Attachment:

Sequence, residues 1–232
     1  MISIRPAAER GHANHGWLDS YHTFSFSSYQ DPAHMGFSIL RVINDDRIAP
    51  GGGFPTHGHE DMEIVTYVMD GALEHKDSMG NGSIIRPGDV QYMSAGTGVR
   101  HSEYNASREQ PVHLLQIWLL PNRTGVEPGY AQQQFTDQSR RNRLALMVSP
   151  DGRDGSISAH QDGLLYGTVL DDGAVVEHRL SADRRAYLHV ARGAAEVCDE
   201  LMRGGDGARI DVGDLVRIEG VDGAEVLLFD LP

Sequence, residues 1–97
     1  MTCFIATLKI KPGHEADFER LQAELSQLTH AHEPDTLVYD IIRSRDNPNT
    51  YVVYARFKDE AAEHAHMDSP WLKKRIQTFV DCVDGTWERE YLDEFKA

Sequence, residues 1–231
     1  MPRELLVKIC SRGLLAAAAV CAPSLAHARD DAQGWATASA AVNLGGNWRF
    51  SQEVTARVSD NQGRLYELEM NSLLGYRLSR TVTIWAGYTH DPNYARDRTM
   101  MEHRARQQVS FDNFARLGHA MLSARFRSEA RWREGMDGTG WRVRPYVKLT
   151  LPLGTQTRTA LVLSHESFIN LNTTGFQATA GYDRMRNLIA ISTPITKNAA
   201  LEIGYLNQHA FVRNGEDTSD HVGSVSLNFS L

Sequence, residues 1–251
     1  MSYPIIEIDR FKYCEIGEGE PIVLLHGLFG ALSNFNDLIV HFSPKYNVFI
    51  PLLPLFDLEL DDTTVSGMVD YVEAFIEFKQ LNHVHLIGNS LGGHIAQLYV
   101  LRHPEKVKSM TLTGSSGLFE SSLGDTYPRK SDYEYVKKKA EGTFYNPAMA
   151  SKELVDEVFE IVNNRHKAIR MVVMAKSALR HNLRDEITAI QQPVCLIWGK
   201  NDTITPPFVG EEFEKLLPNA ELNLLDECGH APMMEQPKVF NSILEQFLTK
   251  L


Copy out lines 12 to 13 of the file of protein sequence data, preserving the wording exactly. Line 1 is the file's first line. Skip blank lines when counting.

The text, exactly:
    51  SQEVTARVSD NQGRLYELEM NSLLGYRLSR TVTIWAGYTH DPNYARDRTM
   101  MEHRARQQVS FDNFARLGHA MLSARFRSEA RWREGMDGTG WRVRPYVKLT